The UrbanAir Project: “Urban Air is an artwork that transforms existing urban billboards into living, suspended bamboo gardens. Urban Air reimagines one of the prime symbols of urban commercial messaging as a powerful public/private partnership in service of climate science and the green economy, designed to provoke dialog around urban blight/green space and climate change.”

On Approaching Design Education (the landscape architecture edition) – aka “What I wish I knew when I started school”: “In reality, what I have just listed does not even begin to touch on the complexity of what landscape architects or designers do. It is a practice that involves aesthetics, engineering, environmental consciousness, and an acute knowledge of how to put all those things together in a way that will facilitate use by humans or animals. It seemed much more simple in school.”

The Great Los Angeles Walk: For the tenth year in a row, a group of Angelenos will walk 16 miles together across Los Angeles this Saturday. This year they’ll be starting from Clifton’s Cafeteria and ending the journey at Muscle Beach in Santa Monica. Want to join? Here’s everything you need to know.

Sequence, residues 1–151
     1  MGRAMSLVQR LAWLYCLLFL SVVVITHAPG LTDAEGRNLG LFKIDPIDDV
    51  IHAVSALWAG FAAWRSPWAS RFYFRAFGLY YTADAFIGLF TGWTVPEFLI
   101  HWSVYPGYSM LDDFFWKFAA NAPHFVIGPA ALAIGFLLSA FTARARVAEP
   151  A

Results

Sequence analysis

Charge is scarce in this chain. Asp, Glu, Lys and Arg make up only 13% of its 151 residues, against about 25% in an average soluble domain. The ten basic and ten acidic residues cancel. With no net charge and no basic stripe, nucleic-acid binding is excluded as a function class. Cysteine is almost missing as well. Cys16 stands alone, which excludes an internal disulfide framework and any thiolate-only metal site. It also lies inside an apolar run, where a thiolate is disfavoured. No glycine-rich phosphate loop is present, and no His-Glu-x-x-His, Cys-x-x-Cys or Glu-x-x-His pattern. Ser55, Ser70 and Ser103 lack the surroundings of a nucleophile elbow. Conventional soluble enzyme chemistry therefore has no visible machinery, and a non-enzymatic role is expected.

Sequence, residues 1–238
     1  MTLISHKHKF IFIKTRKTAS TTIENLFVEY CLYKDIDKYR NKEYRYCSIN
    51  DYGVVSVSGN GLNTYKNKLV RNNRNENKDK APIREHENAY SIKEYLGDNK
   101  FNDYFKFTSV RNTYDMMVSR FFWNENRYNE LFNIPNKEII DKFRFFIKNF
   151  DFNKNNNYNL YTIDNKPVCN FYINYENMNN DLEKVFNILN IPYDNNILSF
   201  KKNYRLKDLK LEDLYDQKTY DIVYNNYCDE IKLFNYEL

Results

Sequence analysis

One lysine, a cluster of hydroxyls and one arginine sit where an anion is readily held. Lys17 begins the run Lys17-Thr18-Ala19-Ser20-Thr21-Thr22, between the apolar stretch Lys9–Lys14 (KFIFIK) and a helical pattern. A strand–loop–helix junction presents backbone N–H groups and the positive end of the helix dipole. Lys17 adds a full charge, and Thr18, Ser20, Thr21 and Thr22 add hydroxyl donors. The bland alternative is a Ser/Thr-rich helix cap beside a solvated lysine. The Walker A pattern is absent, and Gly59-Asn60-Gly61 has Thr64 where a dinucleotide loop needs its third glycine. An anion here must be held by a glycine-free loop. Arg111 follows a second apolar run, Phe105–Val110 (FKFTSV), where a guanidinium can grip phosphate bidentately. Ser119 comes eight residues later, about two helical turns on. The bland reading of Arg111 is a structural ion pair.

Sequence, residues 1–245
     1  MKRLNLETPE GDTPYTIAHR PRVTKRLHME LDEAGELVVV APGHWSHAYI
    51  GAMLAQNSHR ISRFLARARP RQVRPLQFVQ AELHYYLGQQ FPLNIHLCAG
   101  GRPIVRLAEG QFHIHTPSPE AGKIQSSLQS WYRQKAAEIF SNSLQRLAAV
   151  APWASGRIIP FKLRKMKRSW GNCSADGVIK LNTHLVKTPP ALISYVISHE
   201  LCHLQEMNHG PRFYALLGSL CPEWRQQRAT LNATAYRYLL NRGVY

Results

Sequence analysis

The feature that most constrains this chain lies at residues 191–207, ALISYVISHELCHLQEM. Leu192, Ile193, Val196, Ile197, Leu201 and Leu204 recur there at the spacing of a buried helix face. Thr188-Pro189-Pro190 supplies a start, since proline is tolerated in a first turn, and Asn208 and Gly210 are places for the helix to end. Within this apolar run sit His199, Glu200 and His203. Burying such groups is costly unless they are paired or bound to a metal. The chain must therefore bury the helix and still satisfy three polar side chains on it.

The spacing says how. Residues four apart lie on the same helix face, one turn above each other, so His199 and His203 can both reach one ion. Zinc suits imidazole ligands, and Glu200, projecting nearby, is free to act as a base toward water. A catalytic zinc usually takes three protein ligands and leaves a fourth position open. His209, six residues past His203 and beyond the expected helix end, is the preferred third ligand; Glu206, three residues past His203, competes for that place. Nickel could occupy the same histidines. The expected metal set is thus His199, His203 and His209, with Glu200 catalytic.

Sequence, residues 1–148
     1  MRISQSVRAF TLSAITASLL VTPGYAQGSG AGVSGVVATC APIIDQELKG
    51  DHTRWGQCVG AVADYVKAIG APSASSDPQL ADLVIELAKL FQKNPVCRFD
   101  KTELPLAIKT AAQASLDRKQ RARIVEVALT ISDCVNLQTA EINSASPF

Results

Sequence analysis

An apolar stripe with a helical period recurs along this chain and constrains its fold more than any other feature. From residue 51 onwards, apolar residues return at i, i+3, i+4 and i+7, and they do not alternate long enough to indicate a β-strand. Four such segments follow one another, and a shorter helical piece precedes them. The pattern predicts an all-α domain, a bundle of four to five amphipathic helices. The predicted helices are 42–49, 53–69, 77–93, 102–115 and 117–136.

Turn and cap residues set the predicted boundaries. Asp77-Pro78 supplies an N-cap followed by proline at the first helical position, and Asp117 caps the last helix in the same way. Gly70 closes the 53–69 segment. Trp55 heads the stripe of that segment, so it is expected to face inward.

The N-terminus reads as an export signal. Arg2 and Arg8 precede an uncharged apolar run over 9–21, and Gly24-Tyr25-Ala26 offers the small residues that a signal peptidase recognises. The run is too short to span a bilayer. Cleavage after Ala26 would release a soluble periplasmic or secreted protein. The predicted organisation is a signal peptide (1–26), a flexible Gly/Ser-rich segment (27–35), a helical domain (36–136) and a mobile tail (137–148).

Cities Are Finally Treating Water As a Resource, Not a Nuisance: “Cities are beginning to embrace a worldwide trend in urban retrofitting — layering new infrastructure on top of old to help cities weather climate change. In many places, that includes reducing greenhouse gas emissions: shifting to cleaner energy, making buildings more efficient and improving public transit. For cities facing increased threats from floods and droughts, it also means adapting to a changing world by finding new ways to manage water.”

Looking for Raymond Chandler’s Los Angeles: “Judith Freeman traces Raymond Chandler’s early days in Los Angeles and his introduction to Cissy Pascal, the much older, very beautiful woman who would later become his wife.  This chapter is excerpted from Freeman’s 2007 book The Long Embrace: Raymond Chandler and the Woman He Loved, which Janet Fitch described as “part biography, part detective story, part love story, and part séance.”


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